I know that it was God who saved me
Msgr Ireneusz Skubis talks to Arturo Dreifinger, a Jew who was saved in Poland during the Nazi occupation.
An extraordinary guest visited the editorial board of 'Niedziela' - Mr Arturo Dreifinger, an Argentinean of Jewish background. During World War II it was Fr Antoni Marchewka, later editor-in-chief of 'Niedziela', who saved Mr. Dreifinder (now 70 years old) when he was a boy. Mr Dreifinger has arrived in Poland to follow the footsteps of his childhood.
He is also collecting materials for his book. Dear Readers, if you could share any information about Fr Antoni Marchewka or Tadeusz Stenawka (Dreifinger's nickname during the war) concerning the period of World War II, please contact 'Niedziela'.
FR IRENEUSZ SKUBIS: - What do you remember best from the war?
ARTURO DREIFINGER: - When I was seven the Warsaw Uprising broke out. After its fall and the bombardment of Warsaw my mother and I found shelter in a basement for twenty days. Suddenly, the Germans appeared and made us all leave our shelter. Children under 10 were to stand facing the street and those over 10 were to face the walls of the buildings. So were their fathers. After a second all those men and boys were shot.
- Did you have any brothers and sisters?
- No, I did not. I was only with my mother and I was separated from her. On that day I was left alone in the world. From the place of the shooting some people took me to the Red Cross, which was just two hundred meters away. There somebody put me in a car and took to Wlochy near Warsaw. I was alone there. I did not know where to go and did not have anything to eat. It was dark. I was sitting in the street and crying. One person passed by, and another one, asking why I was crying. I did not know what to answer. I said I did not have mother, I lost her, and I was by myself and had nowhere to go. Some people took me to their house. I had a chubby face and it was providential because people often were afraid of taking emaciated kids thinking they were ill. I was perhaps one day in that house and the next day I was taken to another. They simple said, 'Tadzik, you must go'. I asked why, not understanding anything.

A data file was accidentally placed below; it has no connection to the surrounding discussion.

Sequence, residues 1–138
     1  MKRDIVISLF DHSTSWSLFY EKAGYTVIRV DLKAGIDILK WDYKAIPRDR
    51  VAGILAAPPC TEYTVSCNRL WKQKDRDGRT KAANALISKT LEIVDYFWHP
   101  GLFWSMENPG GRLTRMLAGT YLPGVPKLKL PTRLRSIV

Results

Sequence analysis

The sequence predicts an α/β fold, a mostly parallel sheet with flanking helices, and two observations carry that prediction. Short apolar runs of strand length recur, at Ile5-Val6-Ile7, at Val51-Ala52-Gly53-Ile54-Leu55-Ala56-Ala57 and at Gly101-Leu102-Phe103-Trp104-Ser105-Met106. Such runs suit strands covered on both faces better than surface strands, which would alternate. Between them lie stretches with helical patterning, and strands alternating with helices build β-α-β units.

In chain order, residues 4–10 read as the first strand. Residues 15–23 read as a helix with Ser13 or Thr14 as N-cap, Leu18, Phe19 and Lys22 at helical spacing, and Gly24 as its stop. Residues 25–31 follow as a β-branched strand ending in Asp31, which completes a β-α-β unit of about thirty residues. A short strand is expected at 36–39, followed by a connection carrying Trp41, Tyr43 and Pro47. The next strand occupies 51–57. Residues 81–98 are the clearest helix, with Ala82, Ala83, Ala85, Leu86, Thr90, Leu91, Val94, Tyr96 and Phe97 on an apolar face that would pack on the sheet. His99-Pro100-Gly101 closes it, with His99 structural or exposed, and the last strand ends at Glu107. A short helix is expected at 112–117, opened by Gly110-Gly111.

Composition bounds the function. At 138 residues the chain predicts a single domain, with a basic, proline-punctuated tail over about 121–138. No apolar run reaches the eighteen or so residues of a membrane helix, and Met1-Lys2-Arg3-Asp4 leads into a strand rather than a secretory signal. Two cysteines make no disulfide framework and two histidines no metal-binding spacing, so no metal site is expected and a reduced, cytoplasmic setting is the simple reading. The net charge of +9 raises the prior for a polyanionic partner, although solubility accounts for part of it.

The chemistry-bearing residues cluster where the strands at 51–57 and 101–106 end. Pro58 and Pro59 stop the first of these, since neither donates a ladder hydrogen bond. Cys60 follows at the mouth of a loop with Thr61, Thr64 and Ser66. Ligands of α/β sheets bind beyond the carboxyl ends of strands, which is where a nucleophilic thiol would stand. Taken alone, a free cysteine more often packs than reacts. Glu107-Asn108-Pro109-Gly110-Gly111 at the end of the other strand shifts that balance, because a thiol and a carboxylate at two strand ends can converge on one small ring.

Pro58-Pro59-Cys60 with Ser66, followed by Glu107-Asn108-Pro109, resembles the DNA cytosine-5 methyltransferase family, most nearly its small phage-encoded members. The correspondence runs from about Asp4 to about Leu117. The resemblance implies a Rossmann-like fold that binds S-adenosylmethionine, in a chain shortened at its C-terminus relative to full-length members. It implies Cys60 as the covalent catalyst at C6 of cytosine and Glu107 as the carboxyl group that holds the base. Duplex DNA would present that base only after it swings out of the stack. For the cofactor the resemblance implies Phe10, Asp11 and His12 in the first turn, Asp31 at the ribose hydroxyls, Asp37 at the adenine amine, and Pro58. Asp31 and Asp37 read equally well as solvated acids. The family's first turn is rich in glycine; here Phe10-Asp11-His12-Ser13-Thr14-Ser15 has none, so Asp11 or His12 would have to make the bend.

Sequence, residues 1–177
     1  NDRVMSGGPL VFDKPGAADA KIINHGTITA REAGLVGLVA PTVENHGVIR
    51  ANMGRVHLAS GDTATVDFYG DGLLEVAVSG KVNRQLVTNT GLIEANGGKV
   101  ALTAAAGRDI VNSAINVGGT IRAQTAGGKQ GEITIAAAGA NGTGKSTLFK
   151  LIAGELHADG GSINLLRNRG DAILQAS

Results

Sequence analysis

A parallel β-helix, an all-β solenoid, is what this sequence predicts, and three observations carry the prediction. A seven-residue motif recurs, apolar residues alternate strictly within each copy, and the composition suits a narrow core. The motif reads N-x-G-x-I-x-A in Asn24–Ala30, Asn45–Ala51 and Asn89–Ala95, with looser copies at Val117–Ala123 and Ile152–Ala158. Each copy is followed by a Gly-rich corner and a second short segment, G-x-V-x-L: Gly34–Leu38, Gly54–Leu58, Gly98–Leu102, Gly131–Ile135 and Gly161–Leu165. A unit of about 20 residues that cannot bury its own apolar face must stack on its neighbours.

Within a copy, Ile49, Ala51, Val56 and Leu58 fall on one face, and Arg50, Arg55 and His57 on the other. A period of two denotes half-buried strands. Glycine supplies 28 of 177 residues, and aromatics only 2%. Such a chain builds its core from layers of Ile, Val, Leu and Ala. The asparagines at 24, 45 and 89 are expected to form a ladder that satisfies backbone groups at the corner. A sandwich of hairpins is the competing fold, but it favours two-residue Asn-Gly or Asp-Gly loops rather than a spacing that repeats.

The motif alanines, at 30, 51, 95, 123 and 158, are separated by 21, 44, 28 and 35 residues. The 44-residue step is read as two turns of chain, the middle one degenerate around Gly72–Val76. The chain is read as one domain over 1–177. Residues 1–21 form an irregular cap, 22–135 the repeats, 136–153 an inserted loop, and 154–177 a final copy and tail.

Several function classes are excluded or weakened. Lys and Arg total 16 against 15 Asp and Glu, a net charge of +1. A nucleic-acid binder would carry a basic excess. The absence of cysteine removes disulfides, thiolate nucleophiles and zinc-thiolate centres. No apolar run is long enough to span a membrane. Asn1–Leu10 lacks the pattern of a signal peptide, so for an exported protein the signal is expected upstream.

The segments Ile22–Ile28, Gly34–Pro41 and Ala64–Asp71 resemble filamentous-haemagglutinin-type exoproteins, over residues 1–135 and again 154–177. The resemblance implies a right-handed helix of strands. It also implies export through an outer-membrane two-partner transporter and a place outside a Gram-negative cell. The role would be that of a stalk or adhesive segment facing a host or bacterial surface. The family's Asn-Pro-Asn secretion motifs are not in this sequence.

- What did people answer?
- 'You know why', they said. They were afraid of speaking straight, 'Because you are Jewish'. And then I went from home to home. I heard various things, 'If you do not leave they will kill me, my wife, children and you. You must go. And do not tell anyone that you were here. Have some underwear, food and go'. And that was every day. One day someone took me to Pruszkow. I felt very well there, they treated me as their son. From there I was taken to Czestochowa.
- And it was then that you met Fr Marchewka?
- Yes, I did, but not at once. When I arrived there some people waited for me: some 30-year-old man, a woman and a girl who could be of my age. The woman who had brought me there gave me to that man and left without saying anything. And we went home. There I met a boy who was my age. The next day a priest came and it turned out that it was Fr Antoni Marchewka. He asked, 'Are you Tadzik?'
- Yes, my first name was changed. During the occupation my mother decided that I would be called Tadeusz Stenawka. The priest took me to a small room. There were a bed, a toilet, a ladder and a table in the room. The priest told me not to go out and approached the balcony. So I stayed all day inside the room and waited for him. The priest left in the morning and came back in the evening. One day he took me to the church. From that day I went to the church with him every day. Some day he gave me a white robe, a surplice, which was needed to bring the incense.